I have a sinusoidal current that I am sampling at about 357k SPS. The current signal is about 3A pk-pk @ 750hz (top figure). I am wondering why when I take the fft using numpy/scipy's fft function, the amplitude of the fundamental frequency doesn't match.

I have a sample size of 8000 so I divided the fft by 8000 and multiplied by 2 to get the results below.

Current and fft calculation:

# current sense 
df['current'] = (df['Viout'] - 2.5)/20/0.003
df['current_ft'] = np.fft.fft(df['current']) / 8000 * 2


plt.xlabel('time [s]')
plt.ylabel('current [A]')
plt.plot(df.t_1, df.current)

plt.title('current fft')
plt.xlabel('frequency [Hz]')
plt.ylabel('|F(f)| / 8000 * 2')
plt.plot(df.freqz, np.abs(df.current_ft), 'o')
plt.xlim(-ax, ax)


current plot

  • $\begingroup$ this looks like you've found the exact right scaling to preserve energy in time and single-sided frequency domain. Where's your problem with this? $\endgroup$ Jul 24, 2018 at 0:27
  • $\begingroup$ @MarcusMüller the issue is I expect the peak in the frequency domain to be the same amplitude as in the time domain. I expect 3 however am getting a peak of around 1.7. I assumed my scaling was correct as well since I've gotten the correct amplitudes with other frequencies I have measured. Unfortunately, this shows otherwise! $\endgroup$
    – kennyvh
    Jul 24, 2018 at 5:54

1 Answer 1


You seem to know how to handle the DFT/FFT scaling so that its output matches the sampled signal's power/amplitude levels.

Yet there is a discrepancy between your expectation and the obsevred DFT result? There are a few reasons. Your assumptions on the sampling rate or the signal frequency could be wrong. Indeed as it seems from your figures, the signal is not a pure sine wave. In that case the amplitude looses its crisp definition and spectral leakage and main lobe width smearing becomes an issue. For details please search the site for spectral estimation, spectral display etc...

For your convenience, I have produced an ideal case to your description with MATLAB / OCTAVE code. I'm getting exactly what is expected. So this suggests me that your signal is not a pure sine wave. It's either modulated, or your sampling rate and frequency information is not consistent.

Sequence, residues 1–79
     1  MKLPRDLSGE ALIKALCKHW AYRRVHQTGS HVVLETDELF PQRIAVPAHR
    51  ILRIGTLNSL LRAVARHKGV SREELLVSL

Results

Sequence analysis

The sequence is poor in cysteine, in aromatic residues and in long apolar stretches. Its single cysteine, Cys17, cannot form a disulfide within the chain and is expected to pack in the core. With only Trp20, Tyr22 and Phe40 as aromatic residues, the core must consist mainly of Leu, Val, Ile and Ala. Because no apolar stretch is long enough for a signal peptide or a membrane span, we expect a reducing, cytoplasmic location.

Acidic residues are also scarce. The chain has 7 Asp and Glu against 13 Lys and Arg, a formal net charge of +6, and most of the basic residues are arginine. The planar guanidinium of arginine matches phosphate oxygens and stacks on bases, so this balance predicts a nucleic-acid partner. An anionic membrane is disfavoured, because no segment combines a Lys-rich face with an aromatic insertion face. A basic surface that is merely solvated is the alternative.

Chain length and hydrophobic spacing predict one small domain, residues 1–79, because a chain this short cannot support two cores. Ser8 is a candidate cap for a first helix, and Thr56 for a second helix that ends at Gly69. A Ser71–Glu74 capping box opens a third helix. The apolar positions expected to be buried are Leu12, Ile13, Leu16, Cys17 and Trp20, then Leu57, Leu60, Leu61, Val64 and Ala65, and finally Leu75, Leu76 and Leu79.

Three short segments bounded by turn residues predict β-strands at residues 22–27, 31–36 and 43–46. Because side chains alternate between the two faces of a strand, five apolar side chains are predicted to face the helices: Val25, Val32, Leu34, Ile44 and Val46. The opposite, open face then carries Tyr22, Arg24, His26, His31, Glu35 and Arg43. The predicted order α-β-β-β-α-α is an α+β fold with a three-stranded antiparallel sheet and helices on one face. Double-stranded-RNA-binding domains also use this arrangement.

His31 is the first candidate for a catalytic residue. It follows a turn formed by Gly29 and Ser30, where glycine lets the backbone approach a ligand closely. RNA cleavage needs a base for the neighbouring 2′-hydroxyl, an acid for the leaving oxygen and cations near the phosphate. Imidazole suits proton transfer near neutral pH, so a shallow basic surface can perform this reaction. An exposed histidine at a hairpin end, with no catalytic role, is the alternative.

clc; clear all; close all;

T = 0.0225;     % observaton interval in seconds
f0 = 750;      % sine frequency in Hz.
Fs = 357E3;     % sampling frequency in Hz.

t = 0:1/Fs:T;   % analog time

N = length(t);  % number of samples taken...

A = 1.5;        % amplitiude of the sine
x = A*sin(2*pi*f0*t);   % sampled analog signal...

title('Analog current waveform');

M = N;          % DFT length (mostly equal to sample size)
X = (2/N)*fft(x,M);

f = linspace(-Fs/2,Fs/2,M); % analog frequenc range in Hz.
figure,stem( f , abs(fftshift(X)));
axis([-1500 1500 -0.1 2]);
title('FFT magnitude of the obtained samples');

The resulting figures are as follows:

enter image description here

enter image description here

  • $\begingroup$ Ah thank you. I got the same results as you after I generated an ideal sine wave in python too. Since my measured sinusoid isn't exactly pure, are there any methods to compensate for the spectral leakage and retrieve an accurate amplitude? $\endgroup$
    – kennyvh
    Jul 24, 2018 at 6:02
  • $\begingroup$ @khuynh when multiple unknown sine waves are present in a signal, you cannot exactly compansate for the leakage etc. Hence you cannot find the exact individual amplitudes. There is a resolution limit to every spectral estimation technique. Some error is unavoidable. $\endgroup$
    – Fat32
    Jul 24, 2018 at 18:33
  • $\begingroup$ @Fat32 I've combined two sine waves one having amplitude and frequency of 1000 and 390Hz and the second with 2000and 440Hz respectively. I've used a sampling rate of 1000Hz but I can't retrieve the correct amplitude. The most I could get is an amplitude of 1400 at 440Hz and 700 at 390Hz approximately. Is there a certain threshold after which leakage can't be avoided or am I doing something wrong? $\endgroup$ Nov 17, 2018 at 22:18

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